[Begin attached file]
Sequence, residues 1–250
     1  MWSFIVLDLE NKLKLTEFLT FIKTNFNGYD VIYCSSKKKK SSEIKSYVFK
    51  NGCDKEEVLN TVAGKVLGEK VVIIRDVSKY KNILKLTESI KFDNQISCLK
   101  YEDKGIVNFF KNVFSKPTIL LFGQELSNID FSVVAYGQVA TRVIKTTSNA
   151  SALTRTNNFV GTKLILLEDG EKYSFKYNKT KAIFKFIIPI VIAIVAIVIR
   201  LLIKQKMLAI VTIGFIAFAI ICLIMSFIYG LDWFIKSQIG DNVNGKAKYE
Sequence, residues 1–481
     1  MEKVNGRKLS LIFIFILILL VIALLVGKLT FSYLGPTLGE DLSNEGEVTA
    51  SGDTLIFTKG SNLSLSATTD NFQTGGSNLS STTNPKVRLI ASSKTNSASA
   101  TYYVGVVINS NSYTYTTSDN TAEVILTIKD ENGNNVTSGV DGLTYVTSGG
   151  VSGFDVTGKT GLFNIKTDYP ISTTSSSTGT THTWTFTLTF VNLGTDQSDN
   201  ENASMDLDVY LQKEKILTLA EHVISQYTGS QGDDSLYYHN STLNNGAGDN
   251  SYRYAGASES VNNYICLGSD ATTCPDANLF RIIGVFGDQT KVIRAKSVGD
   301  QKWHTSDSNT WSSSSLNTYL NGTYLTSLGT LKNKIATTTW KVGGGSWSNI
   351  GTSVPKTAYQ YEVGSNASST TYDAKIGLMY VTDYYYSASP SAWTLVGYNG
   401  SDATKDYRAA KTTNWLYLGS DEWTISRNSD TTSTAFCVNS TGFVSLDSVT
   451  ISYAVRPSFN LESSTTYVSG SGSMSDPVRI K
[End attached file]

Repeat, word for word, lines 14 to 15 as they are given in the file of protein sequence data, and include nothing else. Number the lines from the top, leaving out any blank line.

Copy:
   301  QKWHTSDSNT WSSSSLNTYL NGTYLTSLGT LKNKIATTTW KVGGGSWSNI
   351  GTSVPKTAYQ YEVGSNASST TYDAKIGLMY VTDYYYSASP SAWTLVGYNG